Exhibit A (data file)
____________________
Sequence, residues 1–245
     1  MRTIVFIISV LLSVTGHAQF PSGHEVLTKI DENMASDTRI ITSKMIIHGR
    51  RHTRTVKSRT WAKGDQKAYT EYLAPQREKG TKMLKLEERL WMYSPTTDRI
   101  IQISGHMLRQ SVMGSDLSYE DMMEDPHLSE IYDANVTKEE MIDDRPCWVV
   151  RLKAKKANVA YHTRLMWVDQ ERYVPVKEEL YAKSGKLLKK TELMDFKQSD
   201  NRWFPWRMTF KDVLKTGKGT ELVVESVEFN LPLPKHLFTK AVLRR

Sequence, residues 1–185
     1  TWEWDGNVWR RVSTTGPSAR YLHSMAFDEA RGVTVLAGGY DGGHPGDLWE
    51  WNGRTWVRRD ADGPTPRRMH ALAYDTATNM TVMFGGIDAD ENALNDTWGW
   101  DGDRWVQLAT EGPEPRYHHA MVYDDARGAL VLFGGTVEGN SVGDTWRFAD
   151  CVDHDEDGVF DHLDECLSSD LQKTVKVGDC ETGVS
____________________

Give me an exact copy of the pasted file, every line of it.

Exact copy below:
Sequence, residues 1–245
     1  MRTIVFIISV LLSVTGHAQF PSGHEVLTKI DENMASDTRI ITSKMIIHGR
    51  RHTRTVKSRT WAKGDQKAYT EYLAPQREKG TKMLKLEERL WMYSPTTDRI
   101  IQISGHMLRQ SVMGSDLSYE DMMEDPHLSE IYDANVTKEE MIDDRPCWVV
   151  RLKAKKANVA YHTRLMWVDQ ERYVPVKEEL YAKSGKLLKK TELMDFKQSD
   201  NRWFPWRMTF KDVLKTGKGT ELVVESVEFN LPLPKHLFTK AVLRR

Sequence, residues 1–185
     1  TWEWDGNVWR RVSTTGPSAR YLHSMAFDEA RGVTVLAGGY DGGHPGDLWE
    51  WNGRTWVRRD ADGPTPRRMH ALAYDTATNM TVMFGGIDAD ENALNDTWGW
   101  DGDRWVQLAT EGPEPRYHHA MVYDDARGAL VLFGGTVEGN SVGDTWRFAD
   151  CVDHDEDGVF DHLDECLSSD LQKTVKVGDC ETGVS